Almost half of U.S. homes have mold problems or excessive dampness. That’s a staggering amount of people impacted by poor humidity control. According to the study, researchers also noted how many health problems are caused or worsened by humidity extremes. They attributed one in five cases of asthma to indoor mold. Excessive dampness and dryness can be a problem in all indoor spaces–homes, businesses, schools, offices and the like. However, as homeowners or business owners, you can control the indoor relative humidity in the spaces you live and work in on a daily basis.
The fall season, and the cooler weather it brings, is often a time that highlights poor indoor relative humidity. With cooler autumn temperatures, we notice a drop in humidity levels as well. This is why it’s essential to monitor your home or indoor space’s relative humidity levels and pursue humidity control options. This way, you can keep levels from either dropping too low or rising too high.
What Is Indoor Relative Humidity?
Humidity is the concentration of water vapor in the air. There are two ways to measure it. One is absolute humidity, which is the water or moisture content of air at any temperature. The other is relative humidity, which is the amount of water vapor in the air compared to the maximum possible amount of water vapor.
Indoor relative humidity, therefore, is a measurement of relative humidity levels inside a building. Relative humidity (RH) is described in percentages, and the ideal range for indoor spaces is between 40 to 60%.
What Is the Average Residential Indoor RH Level?
One study found that the average indoor relative humidity across various climates of the United States ranged from 47.9 to 53.1%. While the annual averages are within the ideal range, a breakdown of each region by month shows patterns dipping below or above the ideal range depending on the season. Additionally, homes in the cold northeast zone were those that registered the lowest RH levels, and those in the northwest marine region had the highest RH levels.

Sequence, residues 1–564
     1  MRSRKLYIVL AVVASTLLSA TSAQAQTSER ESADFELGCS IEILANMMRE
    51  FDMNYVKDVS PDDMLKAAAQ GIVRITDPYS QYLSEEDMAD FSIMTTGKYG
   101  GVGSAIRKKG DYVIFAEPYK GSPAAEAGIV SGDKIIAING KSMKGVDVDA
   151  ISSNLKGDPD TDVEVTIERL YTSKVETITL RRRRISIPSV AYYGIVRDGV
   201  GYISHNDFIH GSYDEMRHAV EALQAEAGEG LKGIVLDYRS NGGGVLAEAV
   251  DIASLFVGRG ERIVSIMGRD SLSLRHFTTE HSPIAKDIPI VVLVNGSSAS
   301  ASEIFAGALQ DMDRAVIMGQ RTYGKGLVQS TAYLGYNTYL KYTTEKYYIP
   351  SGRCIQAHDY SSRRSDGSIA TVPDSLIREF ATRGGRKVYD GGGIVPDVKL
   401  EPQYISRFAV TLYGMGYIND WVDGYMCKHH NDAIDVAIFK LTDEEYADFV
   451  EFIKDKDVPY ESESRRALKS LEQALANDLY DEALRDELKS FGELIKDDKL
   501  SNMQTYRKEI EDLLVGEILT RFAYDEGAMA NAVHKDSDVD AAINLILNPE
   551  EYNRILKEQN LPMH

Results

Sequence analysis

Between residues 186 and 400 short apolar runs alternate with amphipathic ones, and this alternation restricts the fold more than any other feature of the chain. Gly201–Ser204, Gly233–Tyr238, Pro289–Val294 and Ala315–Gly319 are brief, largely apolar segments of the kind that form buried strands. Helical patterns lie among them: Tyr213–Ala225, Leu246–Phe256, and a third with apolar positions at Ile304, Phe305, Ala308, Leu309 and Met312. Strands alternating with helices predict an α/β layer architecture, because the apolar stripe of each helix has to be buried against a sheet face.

What Causes Lower Relative Humidity in the Fall?
As fall brings cooler temperatures, it also marks the start of using heat instead of AC. Additionally, homes with lower humidity levels often turn to space heaters or portable heaters to help warm their spaces. All of this contributes to drier fall and winter air indoors. This is because, though necessary for comfort, heaters can reduce indoor relative humidity. Also, cooler temperatures mean more time spent indoors and an end to open windows, which provides fresh air ventilation and natural humidity. All of these factors contribute to lower humidity levels in your living spaces.
Though low indoor relative humidity due to heater use may be more obvious in colder winter climates, the effects are still noticeable in temperate areas as well. While locales like Southern California won’t experience months of snow and freezing temperatures such as a state like New Hampshire would, the impact of running the heat is still noticeable.
Why Indoor Relative Humidity Matters and How It Impacts Your Space
The general rule to remember when it comes to indoor humidity is that mid-range is best. You want to avoid the extremes, which can cause both health and home quality issues. Low indoor relative humidity is the focal concern during the fall and winter months, however high indoor relative humidity can be just as damaging. It is a year-round problem that requires long-term solutions. Here are a couple of ways humidity problems during the autumn climate can exacerbate your health and home.
Dry air can cause and worsen many health issues. According to researchers, dry air may promote lung issues such as COPD, asthma, influenza and other respiratory concerns. Poor indoor air quality caused by low relative humidity can also trigger more allergy attacks. This is because dry air allows particles, including allergens like mold spores and dust mites, to mix and circulate through the air easier.